RS: Well, from the very beginning, I was working from a premise that lent itself to a sequel. I really don’t want to meet God in the first one. I want to leave it open to [Noomi Rapace’s character, Dr. Elizabeth Shaw] saying, “I don’t want to go back to where I came from. I want to go where they came from.” So that was always going to be the natural ending for this film?

RS: Totally. And because they’re such aggressive f**kers … and who wouldn’t describe them that way, considering their brilliance in making dreadful devices and weapons that would make our chemical warfare look ridiculous? So I always had it in there that the God-like creature that you will see actually is not so nice, and is certainly not God. As she says, “This is not what I thought it was going to be, and I think we should get the Hell out of here or there won’t be any place to go back to.”

That’s not necessarily planted in the ground at the tail end of the third act, but I knew that’s kind of where we should go, because if we’ve opened up this door -- which I hope we have because I certainly would like to do another one – I’d love to explore where the hell [Dr. Shaw] goes next and what does she do when she gets there, because if it is paradise, paradise can not be what you think it is. Paradise has a connotation of being extremely sinister and ominous. We’re not going to get a slow build in this second film, then. These guys are volatile from the start?

RS: In a funny kind of way, if you look at the Engineers, they’re tall and elegant … they are dark angels. If you look at [John Milton’s] Paradise Lost, the guys who have the best time in the story are the dark angels, not God. He goes to all the best nightclubs, he’s better looking, and he gets all of the birds. [Laughs] So Milton was one of your influences for the Engineers?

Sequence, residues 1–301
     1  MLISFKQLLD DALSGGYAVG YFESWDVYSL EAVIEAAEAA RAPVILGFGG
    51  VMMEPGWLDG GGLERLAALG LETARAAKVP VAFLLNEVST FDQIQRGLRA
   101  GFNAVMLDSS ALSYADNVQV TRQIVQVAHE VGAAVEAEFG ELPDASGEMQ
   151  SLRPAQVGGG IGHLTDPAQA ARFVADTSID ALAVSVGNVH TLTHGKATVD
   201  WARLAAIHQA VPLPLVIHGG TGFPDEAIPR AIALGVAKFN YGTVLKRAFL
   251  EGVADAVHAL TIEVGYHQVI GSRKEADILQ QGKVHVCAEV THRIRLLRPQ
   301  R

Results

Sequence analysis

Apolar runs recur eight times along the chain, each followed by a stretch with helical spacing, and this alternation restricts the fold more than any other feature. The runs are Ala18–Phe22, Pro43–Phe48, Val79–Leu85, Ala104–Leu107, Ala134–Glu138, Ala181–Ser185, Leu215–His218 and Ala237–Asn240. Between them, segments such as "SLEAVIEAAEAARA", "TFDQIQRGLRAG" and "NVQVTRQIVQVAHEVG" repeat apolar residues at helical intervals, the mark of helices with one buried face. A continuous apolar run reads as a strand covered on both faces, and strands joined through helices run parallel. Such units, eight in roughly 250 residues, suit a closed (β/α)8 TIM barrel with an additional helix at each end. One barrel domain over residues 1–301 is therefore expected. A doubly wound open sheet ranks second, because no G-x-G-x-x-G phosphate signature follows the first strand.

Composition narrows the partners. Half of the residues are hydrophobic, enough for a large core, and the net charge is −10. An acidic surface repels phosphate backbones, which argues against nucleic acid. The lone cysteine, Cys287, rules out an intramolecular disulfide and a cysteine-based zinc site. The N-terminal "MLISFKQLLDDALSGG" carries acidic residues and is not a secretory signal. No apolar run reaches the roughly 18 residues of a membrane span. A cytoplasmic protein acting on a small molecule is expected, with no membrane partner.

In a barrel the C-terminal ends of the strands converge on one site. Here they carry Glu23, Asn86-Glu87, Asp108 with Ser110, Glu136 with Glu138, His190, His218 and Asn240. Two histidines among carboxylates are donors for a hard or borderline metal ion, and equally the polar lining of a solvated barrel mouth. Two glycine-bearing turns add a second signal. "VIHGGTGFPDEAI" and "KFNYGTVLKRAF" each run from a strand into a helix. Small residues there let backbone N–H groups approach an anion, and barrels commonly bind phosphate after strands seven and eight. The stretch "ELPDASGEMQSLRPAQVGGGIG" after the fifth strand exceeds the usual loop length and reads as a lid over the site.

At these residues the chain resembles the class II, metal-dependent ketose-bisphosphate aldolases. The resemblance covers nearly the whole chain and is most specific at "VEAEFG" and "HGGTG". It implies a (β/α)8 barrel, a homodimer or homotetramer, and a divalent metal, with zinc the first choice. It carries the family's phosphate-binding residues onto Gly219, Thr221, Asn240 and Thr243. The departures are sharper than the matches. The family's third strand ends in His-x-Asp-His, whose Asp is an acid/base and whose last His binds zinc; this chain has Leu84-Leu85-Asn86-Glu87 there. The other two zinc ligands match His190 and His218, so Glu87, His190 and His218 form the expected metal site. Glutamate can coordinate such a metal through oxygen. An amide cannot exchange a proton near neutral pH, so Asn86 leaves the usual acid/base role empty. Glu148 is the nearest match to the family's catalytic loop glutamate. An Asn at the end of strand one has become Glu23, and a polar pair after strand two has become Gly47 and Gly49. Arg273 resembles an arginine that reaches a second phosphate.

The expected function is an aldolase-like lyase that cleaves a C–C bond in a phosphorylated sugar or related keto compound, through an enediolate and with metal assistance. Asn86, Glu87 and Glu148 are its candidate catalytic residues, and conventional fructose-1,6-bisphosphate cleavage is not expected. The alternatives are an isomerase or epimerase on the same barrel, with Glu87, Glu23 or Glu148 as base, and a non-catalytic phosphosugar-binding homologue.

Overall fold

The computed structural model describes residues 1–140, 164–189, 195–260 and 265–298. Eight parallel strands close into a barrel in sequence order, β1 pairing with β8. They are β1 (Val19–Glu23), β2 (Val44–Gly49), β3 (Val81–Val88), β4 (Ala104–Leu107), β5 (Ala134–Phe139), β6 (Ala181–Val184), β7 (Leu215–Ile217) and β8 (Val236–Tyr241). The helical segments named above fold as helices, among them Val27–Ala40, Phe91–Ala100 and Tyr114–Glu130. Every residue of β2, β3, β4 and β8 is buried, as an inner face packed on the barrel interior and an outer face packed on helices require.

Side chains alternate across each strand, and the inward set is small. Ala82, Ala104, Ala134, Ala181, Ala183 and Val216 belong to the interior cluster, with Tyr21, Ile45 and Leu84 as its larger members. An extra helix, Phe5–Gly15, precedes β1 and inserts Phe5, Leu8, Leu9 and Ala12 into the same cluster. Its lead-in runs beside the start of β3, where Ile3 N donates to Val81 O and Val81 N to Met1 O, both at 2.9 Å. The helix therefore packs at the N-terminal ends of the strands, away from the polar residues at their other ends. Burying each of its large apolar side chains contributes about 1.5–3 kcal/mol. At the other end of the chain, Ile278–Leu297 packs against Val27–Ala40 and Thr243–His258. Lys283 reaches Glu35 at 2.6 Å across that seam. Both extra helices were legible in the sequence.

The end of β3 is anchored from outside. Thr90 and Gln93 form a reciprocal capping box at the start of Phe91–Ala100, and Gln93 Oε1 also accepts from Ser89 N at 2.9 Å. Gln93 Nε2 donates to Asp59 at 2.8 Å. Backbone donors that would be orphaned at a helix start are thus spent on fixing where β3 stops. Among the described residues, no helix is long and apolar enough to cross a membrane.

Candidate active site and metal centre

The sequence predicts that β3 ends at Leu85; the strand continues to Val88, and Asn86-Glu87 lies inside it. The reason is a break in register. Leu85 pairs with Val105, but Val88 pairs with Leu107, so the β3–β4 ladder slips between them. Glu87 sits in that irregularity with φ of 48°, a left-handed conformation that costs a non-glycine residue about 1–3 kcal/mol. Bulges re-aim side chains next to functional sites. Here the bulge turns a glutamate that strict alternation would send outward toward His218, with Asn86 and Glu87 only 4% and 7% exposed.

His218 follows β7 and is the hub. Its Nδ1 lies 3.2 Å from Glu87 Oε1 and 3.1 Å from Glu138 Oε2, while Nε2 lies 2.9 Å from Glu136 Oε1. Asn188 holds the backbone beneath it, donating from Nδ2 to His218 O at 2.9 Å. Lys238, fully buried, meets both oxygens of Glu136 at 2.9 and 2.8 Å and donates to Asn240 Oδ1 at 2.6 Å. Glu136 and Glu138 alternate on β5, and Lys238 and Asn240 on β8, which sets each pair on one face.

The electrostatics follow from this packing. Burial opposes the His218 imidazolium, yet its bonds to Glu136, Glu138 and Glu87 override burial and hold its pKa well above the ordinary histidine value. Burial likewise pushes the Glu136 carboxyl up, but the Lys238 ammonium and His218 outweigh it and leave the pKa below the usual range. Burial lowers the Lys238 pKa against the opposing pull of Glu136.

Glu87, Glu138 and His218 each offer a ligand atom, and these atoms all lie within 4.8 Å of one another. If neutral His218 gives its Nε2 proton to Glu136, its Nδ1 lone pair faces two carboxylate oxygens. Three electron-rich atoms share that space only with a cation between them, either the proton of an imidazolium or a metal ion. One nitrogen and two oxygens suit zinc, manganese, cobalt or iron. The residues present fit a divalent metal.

RS: That sounds incredibly pretentiously intellectual. But in a funny sort of way, yes. I started off with a title called Paradise. Either rightly or wrongly, we thought that was telling the audience too much. But then with Prometheus – which I thought was bloody well intellectual – that wasn’t my idea. It was Fox’s notion, It came from Tom Rothman, who’s a smart fellow. The more I thought about it, the more I thought it was a good idea. This is about someone who dares and is horribly punished. And besides, do you know something? A little bit of an education at the cinema isn’t such a bad thing. Do you worry that you’ve lost the element of surprise that worked to your advantage with the original Alien? By now, we’ve seen numerous movies in the Alien universe, and like it or not, audiences are coming in with an expectation that deflates tension and suspense. Did you feel the need to pull the audience in to the story in a different fashion this time?

RS: I was hoping I had with the fact that you have a sequence at the beginning of the film that is fundamentally creation. It’s a donation, in the sense that the weight and the construction of the DNA of those aliens is way beyond what we can possibly imagine … That is our planet, right?

RS: No, it doesn’t have to be. That could be anywhere. That could be a planet anywhere. All he’s doing is acting as a gardener in space. And the plant life, in fact, is the disintegration of himself.

If you parallel that idea with other sacrificial elements in history – which are clearly illustrated with the Mayans and the Incas – he would live for one year as a prince, and at the end of that year, he would be taken and donated to the gods in hopes of improving what might happen next year, be it with crops or weather, etcetera.

I always think about how often we attribute what has happened to either our invention or memory. A lot of ideas evolve from past histories, but when you look so far back, you wonder, Really? Is there really a connection there?”

Then when I jump back, and you put yourself in a situation of a cave painting, you see that someone 32,000 years ago is showing me a little man sitting in the darkness, using a candle light that is fat from a creature he killed and ate. And in the darkness are two or three other family members whose body heat is warming the cave. But he has discovered that from a piece of this black, burnt stick, he has discovered that he can draw pictures on the wall.